John. 1998. English Puritanism 1603–1689. Houndmills, Basingstoke:
Christian Humanism and the Puritan Social Order. New York: Cambridge
Thanks': Politics, Networks and Civil War in the letters of Brilliana Harley
and Margaret Cavendish's Sociable Letters”.
Paper presented to the Margaret Cavendish Society, June 1999, Paris
and Politics in Cromwellian England”.
and the "Invention" of Public Opinion in the English Revolution”.
letters are either discussed directly or used as data in the following studies:
Early English 'his Genitives' from a Germanic Perspective".
Proceedings of the 2002 Conference of the Australian Linguistic Society.
Cynthia L. 2002.
the development of a friend of mine”.
In: Fanego, Teresa, Maria Jose
Lopez-Couso and Javier Perez-Guerra (eds.). English Historical Syntax and Morphology,
Selected Papers from 11 ICEHL, Santiago de Compostela, 7-11 September 2000.
Vol. 1. Amsterdam: John Benjamins. 23-41.
Raymond A. 2004.
Paston and Brilliana Harley: Maternal letters and the genre of mother's
Studies in Philology 101/4. 431-453.
do v. the do-less form in the letters of Lady Brilliana Harley”.
In: B. Odenstedt and G. Persson (eds.). Instead of Flowers: Papers in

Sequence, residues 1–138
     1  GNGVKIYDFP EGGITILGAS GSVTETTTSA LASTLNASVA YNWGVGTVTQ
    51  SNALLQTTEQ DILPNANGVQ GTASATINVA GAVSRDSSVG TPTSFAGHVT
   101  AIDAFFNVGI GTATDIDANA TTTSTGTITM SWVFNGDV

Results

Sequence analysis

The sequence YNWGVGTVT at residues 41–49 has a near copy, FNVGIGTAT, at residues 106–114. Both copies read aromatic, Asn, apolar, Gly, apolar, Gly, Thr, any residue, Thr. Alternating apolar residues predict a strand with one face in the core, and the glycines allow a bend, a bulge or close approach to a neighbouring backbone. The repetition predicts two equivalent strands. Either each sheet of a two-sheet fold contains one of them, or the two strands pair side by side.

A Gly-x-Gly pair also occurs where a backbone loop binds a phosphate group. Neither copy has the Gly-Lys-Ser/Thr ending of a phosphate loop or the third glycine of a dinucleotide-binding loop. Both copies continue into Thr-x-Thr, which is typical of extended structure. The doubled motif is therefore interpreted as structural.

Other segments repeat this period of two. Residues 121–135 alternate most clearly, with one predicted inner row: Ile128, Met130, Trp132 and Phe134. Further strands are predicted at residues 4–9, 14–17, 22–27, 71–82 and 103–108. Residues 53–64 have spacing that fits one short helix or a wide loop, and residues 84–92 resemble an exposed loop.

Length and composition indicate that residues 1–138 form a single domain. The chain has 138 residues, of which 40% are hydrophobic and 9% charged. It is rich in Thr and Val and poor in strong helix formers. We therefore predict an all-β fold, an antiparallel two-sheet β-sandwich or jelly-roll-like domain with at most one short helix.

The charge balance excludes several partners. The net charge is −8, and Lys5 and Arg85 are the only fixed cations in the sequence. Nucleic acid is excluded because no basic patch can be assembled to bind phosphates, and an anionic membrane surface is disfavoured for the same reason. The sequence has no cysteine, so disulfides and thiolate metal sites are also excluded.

Honour of Mats Rydén. Stockholm: Almqvist & Wiksell.
David. 1992. The History of the English Language: A Source Book.
Merja. 1999 . “Collocational and idiomatic aspects of verbs in Early Modern
corpus-based study of MAKE, HAVE, GIVE, TAKE, and DO”. In Brinton, Laurel
J. (ed). Collocational and Idiomatic Aspects of Composite Predicates in
the History of English. Philadelphia, PA, USA: John Benjamins Publishing
2004. “Inside and out: Forms of address in seventeenth- and
Journal of Historical Pragmatics
Manfred. 2002. “Towards an analysis of pragmatic and stylistic features in
15th and 17th century English letters”.
In Peters, Pam, Peter Collins and Adam Smith (Eds.) Language and
Computers, New Frontiers of Corpus Research. Papers from the Twenty First
International Conference on English Language Research on Computerized
Corpora Sydney 2000. Amsterdam: Rodopi. 179-198.
writings as evidence for continuity and change in Early Modern English”. in
Watts, Richard and Peter Trudgill (eds.), Alternative Histories of
English Language. Florence, KY, USA: Routledge. 191-209.
Nevalainen, Terttu. 2004. “Three perspectives on grammaticalization, lexico-grammar,
corpora and historical sociolinguistics”. In: Lindquist, Hans (ed.),
Corpus Approaches to Grammaticalization in English.
Philadelphia, PA: John Benjamins Publishing Company.
and female styles in 17th century correspondence: I THINK”.
Variation and Change
Margaret J.-M. 2000.
and real differences between men's and women's spellings of the early to
In: Dieter Kastovsky and Arthur Mettinger (eds.), The History of English
in a Social Context. Berlin: Mouton de Gruyter. 405-439.
Margaret J-M. 2005.
study of request markers in English family letters from 1623 to 1660”.
European Journal of English Studies 9/1. 9-19.
give Brilliana's date of birth as 1600. I have here adopted the dating of Eales
(for additions, contact Margaret